• Computers that require atmosphere to work is a major safety fault. In the event of life support failure, the humans have enough trying to kill them - having their computers slowly going Daisy Bell on them sure isn't going to help anyone.
    • Not protecting critical propulsion hardware (not to mention fuel-carrying lines) at all. Whipple shields should've been guarding almost every square inch of the ship, as they do today with much of the ISS.
    • No crew refuge in the ship. Without pressure bulkheads, the ship's interior cannot be compartmentalized, which means any loss of pressure anywhere will (and does) affect the entire ship.
    • No systems or checks in place to monitor fuel flow rate and pressure for any transients that would indicate leakage, nor a flow-rate failsafe to shut down the fuel line.
    • No failsafe or alternate verification method to voiceprint. Jim leaves his helmet off while the bloody ship is depressurizing apparently because he has to tell the computer who he is to shut down the inertial gravity rotation. The computer should be able to accept this over a suit radio (except, of course, the computer was going hypoxic at the time), so that might not have worked either. A password would've sufficed if people were really paranoid about astronauts knocking the A/G offline for a prank.
  • Oh, Crap!: Many instances.
  • Once-Green Mars
  • Only a Flesh Wound: The micro-meteor storm is heralded in when Phil gets one straight through his hand. This barely slows Phil the rest of the movie, whose hand seems to be in good enough condition to lug the sled across Mars and be trusted to launch and fly back to Earth by himself.
  • Precursors: The aliens. Subverted, the are actually Original Man... and everything else on Earth has Martian origins as well.
  • Product Placement: Notably for Dr. Pepper and M&Ms. Pennzoil seems to have sponsored the Mars buggy they travel in.
  • The Radio Dies First: The one bit of technology this universe can't seem to get right is any sort of communication with Earth.
  • Ragnarök Proofing: The alien building and spacecraft work fine and are sparkly clean despite millions of years.
  • Rule of Drama: Jim's excuse for not immediately getting a helmet when the ship is depressurizing is so there is danger involved. If he did put a helmet on the team could have taken their time on sealing the breach.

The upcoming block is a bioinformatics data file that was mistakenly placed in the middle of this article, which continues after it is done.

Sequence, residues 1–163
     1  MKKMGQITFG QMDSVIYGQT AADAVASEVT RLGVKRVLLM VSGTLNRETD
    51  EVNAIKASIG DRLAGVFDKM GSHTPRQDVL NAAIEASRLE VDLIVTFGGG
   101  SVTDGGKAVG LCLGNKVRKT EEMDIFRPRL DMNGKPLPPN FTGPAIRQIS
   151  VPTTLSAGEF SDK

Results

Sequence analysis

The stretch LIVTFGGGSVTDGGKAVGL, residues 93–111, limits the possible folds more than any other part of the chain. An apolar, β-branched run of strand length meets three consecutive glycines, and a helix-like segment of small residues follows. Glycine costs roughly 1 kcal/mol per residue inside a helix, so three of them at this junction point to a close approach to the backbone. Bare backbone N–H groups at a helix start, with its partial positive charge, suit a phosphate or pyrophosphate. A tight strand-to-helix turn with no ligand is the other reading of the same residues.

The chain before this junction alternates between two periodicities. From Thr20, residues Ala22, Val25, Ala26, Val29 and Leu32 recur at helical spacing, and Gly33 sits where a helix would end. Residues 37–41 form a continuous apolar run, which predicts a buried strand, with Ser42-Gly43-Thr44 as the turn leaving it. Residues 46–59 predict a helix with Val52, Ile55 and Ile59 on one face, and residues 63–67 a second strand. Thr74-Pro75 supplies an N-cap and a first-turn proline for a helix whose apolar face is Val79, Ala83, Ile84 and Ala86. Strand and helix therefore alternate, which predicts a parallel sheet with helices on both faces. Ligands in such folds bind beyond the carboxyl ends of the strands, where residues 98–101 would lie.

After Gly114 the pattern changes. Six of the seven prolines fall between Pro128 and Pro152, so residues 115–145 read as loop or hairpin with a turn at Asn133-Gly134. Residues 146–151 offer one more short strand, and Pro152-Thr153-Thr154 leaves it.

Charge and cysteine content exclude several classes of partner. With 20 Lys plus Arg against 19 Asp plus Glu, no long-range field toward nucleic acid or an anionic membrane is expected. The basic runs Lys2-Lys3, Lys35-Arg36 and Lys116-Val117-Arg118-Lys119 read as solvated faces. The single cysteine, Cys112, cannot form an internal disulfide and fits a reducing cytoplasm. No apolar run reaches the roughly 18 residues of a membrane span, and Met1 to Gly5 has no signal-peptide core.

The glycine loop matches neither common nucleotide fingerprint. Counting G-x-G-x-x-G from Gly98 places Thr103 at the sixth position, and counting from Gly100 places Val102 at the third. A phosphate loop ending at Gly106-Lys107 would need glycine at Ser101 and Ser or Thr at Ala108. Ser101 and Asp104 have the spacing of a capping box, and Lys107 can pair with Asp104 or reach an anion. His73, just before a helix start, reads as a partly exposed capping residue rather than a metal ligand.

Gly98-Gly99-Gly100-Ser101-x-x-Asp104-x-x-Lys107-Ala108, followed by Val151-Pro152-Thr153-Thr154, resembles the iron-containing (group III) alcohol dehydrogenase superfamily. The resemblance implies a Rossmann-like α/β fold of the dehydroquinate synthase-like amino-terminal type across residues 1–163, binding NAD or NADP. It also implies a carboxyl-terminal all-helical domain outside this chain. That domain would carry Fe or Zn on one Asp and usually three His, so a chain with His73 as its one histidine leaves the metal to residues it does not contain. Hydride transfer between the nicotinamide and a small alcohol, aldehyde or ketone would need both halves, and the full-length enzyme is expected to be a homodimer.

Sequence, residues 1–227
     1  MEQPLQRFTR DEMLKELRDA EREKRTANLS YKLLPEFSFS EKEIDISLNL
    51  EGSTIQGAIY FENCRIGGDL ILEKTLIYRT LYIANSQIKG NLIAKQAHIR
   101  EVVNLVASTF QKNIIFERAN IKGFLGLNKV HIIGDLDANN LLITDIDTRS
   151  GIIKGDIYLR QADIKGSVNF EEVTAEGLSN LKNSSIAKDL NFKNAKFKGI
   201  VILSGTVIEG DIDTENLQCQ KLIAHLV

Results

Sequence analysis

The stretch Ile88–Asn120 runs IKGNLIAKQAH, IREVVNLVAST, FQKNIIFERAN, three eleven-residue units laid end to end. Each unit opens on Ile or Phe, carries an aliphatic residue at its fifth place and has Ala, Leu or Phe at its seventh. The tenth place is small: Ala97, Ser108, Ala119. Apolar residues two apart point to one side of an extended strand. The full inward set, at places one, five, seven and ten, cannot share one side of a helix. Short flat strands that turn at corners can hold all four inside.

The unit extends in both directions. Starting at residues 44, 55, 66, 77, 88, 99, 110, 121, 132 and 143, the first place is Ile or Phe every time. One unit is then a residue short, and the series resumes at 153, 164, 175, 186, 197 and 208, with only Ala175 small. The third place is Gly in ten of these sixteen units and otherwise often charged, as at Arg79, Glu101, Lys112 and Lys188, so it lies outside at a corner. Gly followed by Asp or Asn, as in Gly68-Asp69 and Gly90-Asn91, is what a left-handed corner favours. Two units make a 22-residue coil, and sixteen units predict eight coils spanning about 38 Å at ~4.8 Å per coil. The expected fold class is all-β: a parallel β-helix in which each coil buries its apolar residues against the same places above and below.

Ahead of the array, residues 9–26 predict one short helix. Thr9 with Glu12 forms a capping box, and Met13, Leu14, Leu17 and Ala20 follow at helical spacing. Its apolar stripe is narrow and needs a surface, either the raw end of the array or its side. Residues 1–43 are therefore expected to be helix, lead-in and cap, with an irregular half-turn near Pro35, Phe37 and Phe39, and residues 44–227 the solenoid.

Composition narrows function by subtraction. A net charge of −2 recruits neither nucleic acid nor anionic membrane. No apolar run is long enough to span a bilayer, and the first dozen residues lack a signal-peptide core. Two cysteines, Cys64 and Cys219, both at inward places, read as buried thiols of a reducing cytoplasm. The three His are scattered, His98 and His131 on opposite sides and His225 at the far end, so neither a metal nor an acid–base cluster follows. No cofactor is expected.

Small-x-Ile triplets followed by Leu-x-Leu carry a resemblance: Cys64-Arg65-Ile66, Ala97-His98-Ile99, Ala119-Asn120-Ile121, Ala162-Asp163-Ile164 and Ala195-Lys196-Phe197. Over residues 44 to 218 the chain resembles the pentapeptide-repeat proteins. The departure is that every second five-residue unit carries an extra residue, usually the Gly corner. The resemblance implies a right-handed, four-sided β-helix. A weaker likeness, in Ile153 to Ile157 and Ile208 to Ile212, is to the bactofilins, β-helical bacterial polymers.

• Russian Guy Suffers Most: The movie might have subverted the Black Dude Dies First rule by having Luke survive the Martian twister, but his poor teammate Sergei Kirov doesn't have such luck.
  • Sanity Slippage: The sole survivor of the Mars disaster, who had his entire crew perish in front of him and spent a whole year trapped on Mars alone. His reaction to seeing Jim is to scream "YOU CAN'T BE HERE!" and attack him, clearly thinking that he's finally lost his mind.
  • Secret Test of Character: The face was waiting for someone to put the missing pair of chromosomes in the Martian DNA. If it gets a wrong answer (such as the radar the Mars I crew scanned with), it triggers the vortex to defend itself.
  • Shout-Out:
    • The Mars II spacecraft resembles the Discovery, especially on the inside, and even has a talking computer. The black rectangular door inside the white and brightly lit interior of the Face on Mars also harken back to the Monolith and the final part of 2001, alongside the rotating wheel space station and the design of the spacesuit helmets.
    • The Martians being the precursors of humanity is similar to the subjects of Quatermass and the Pit.
    • The breathable liquid Jim gets submerged into inside the rocket that will take him to the Martians is reminiscent of the one seen in The Abyss.
  • Single Tear: From the holographic Martian.
  • Space Is Cold:
    • Woody removes his helmet in vacuum to avoid dying from re-entry. His face is totally frozen before the helmet's even fully off.
    • Liquid fuel flash freezing as it leaks out into space, when in reality, it would flash boil from the lack of external pressure.
  • Space Is Noisy: Plenty of bangs, etc.
  • Talking Is a Free Action: Despite the imminent pressure loss in the hull, Woody and Terri take time for cutesy goodbyes.
  • Too Dumb to Live: The first crew's reaction to the tornado monster thing that's pulverizing rock formations less than a hundred feet from them is to stand there staring in slack-jawed wonder instead of running like any sane person would. Sure enough, it ends up killing everyone but Luke, who at least uttered an "oh my god" upon seeing it.
  • Trailers Always Spoil: This trailer could've avoided showing stuff about the reveals inside the Face on Mars.
  • Tragic Keepsake: The Flash Gordon necklace.

"Have a great ride, Jim."